He starts saying how hard it is for him to write this article.
This is an article I never imagined myself writing, that I never wanted to write, that I wish I could not write.
If I were a senator, I would not vote to confirm Brett Kavanaugh.
These are words I write with no pleasure, but with deep sadness. Unlike many people who will read them with glee—as validating preexisting political, philosophical, or jurisprudential opposition to Kavanaugh’s nomination—I have no hostility to or particular fear of conservative jurisprudence. I have a long relationship with Kavanaugh, and I have always liked him. I have admired his career on the D.C. Circuit. I have spoken warmly of him. I have published him. I have vouched publicly for his character—more than once—and taken a fair bit of heat for doing so. I have also spent a substantial portion of my adult life defending the proposition that judicial nominees are entitled to a measure of decency from the Senate and that there should be norms of civility within a process that showed Kavanaugh none even before the current allegations arose.
After weighing the evidence carefully, he comes to this:
To be clear, I am emphatically not saying that Kavanaugh did what Ford says he did. The evidence is not within 100 yards of adequate to convict him. But whether he did it is not the question at hand. The question at hand is how a reasonable senator should construct the evidence to guide a binary vote for or against elevation of a judge to a lifetime appointment to the highest court in the land. By my read, we have two witnesses who both profess 100 percent certainty of their position—one whose testimony is wholly credible and marginally corroborated in a number of respects, and the other whose testimony is not credible on a number of important atmospheric points surrounding the alleged event.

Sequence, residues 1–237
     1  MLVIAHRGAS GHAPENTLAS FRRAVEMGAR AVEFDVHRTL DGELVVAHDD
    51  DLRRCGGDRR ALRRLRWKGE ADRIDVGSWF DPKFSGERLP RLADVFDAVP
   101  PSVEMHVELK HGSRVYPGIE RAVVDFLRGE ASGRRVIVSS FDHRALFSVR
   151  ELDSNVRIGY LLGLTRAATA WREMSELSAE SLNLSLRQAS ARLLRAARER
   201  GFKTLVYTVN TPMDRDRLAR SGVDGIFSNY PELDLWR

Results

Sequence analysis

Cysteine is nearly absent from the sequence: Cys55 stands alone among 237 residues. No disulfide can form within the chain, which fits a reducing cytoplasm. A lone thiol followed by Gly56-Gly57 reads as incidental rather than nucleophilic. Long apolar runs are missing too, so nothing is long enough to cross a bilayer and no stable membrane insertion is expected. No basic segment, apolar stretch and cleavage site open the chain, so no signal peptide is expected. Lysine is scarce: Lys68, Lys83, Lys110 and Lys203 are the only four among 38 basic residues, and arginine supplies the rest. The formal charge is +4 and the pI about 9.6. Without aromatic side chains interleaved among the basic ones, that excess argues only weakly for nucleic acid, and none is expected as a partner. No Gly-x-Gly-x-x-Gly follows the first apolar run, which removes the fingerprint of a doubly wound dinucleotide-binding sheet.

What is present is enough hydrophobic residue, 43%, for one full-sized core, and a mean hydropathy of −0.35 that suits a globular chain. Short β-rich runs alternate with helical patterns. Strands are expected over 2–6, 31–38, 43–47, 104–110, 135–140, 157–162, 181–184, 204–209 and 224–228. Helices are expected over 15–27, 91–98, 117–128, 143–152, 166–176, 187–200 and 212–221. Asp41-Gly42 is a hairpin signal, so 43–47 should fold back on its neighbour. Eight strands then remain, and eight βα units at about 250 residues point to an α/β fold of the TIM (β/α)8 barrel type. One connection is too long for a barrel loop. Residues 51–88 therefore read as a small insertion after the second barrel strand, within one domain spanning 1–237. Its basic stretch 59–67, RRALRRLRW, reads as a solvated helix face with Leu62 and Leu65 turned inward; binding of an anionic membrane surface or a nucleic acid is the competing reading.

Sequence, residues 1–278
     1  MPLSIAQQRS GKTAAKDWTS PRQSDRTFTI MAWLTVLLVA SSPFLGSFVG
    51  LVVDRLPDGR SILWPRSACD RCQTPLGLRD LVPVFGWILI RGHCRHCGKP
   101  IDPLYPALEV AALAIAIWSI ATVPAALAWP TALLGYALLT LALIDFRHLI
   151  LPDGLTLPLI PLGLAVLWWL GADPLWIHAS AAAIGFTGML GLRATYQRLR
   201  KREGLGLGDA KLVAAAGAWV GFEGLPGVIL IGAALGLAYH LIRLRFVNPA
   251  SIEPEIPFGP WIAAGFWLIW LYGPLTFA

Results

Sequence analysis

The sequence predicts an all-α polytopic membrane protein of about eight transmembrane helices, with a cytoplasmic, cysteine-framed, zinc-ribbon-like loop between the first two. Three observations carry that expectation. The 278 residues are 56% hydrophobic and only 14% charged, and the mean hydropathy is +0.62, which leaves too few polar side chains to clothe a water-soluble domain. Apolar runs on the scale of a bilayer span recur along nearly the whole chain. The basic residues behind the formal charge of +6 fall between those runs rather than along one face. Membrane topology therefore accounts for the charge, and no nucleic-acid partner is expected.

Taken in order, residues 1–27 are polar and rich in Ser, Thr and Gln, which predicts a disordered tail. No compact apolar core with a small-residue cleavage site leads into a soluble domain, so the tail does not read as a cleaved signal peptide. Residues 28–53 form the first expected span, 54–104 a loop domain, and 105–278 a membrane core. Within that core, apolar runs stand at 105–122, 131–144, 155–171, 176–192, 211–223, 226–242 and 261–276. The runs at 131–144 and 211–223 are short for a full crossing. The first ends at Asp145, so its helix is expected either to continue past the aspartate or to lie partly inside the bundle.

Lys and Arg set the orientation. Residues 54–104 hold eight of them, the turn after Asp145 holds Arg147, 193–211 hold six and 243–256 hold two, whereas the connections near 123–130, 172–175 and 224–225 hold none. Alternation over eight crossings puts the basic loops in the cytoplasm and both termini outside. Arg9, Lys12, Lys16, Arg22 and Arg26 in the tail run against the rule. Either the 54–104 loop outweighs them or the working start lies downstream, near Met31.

It’s not a tie, and it doesn’t go to the nominee.
He ends with this summary:
Faced with credible allegations of serious misconduct against him, Kavanaugh behaved in a fashion unacceptable in a justice, it seems preponderantly likely he was not candid with the Senate Judiciary Committee on important matters, and the risk of Ford’s allegations being closer to the truth than his denial of them is simply too high to place him on the Supreme Court.
We are in a political environment in which there are no rules, no norms anymore to violate. There is only power, and the individual judgments of individual senators—facing whatever political pressures they face, calculating political gain however they do it, and consulting their consciences to the extent they have them.
As much as I admire Kavanaugh, my conscience would not permit me to vote for him.
The other thing I mean by controversial is about the nuclear option. As I wrote elsewhere:
The Nuclear Option at work.
Before the Gorsuch nomination, Supreme Court nominations required 60% of the Senate to avoid a filibuster. Most major Senate decisions did, and this was one of the advantages of the Senate – a deliberative body that had to take the time to come to sufficient agreement to decide.
Changing that to allow a simple majority was called “the nuclear option” – an analogy to nuclear weapons, the most extreme option in warfare. As predicted, this made the process bloodier and more political. Each side wants to make sure it looks like it was the other side’s fault and get as much leverage as it can for the next round of elections.
We elect the government to govern, to work together to make sensible decisions. The Senate cannot be a battlefield and govern at the same time. No matter what politics you prefer or what you think of Kavanaugh.
I don’t think the nuclear option is the right way to pick lifetime Supreme Court justices. But even though Gorsuch was affirmed using the nuclear option, he was less controversial than Kavanaugh.